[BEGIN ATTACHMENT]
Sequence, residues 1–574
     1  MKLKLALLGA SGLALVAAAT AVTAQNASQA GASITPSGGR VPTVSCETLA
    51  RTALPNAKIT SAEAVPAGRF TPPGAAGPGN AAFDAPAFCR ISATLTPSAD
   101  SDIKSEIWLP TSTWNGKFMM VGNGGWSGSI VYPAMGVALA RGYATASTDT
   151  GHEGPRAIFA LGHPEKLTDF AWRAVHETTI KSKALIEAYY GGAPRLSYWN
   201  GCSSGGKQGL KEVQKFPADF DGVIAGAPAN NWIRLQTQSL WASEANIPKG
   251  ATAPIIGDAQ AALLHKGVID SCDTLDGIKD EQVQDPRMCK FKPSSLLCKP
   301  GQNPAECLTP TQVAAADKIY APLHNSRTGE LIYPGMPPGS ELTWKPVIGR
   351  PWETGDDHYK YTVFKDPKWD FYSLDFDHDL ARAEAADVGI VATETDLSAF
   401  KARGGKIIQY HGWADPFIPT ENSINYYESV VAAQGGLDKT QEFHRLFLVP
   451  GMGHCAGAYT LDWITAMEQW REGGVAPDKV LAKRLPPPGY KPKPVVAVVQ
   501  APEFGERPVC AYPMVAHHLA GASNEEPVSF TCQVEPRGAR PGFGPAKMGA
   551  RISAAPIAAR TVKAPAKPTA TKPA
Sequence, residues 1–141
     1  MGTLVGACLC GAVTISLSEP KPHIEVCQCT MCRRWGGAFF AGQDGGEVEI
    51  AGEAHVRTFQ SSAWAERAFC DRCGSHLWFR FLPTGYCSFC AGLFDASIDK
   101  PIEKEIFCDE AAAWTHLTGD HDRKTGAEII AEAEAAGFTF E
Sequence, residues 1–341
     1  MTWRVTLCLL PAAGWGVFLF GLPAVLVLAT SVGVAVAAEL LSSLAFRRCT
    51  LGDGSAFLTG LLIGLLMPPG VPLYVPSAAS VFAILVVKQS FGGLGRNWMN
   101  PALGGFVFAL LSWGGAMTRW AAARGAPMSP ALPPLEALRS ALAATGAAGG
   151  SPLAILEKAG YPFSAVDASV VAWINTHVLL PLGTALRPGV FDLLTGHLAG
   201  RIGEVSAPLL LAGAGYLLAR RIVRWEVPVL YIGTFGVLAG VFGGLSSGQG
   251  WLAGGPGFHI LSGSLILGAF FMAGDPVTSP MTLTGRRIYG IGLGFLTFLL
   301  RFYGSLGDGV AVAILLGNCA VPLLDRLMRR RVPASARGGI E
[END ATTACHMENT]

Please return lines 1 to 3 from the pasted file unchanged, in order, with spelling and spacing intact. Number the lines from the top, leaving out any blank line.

Sequence, residues 1–574
     1  MKLKLALLGA SGLALVAAAT AVTAQNASQA GASITPSGGR VPTVSCETLA
    51  RTALPNAKIT SAEAVPAGRF TPPGAAGPGN AAFDAPAFCR ISATLTPSAD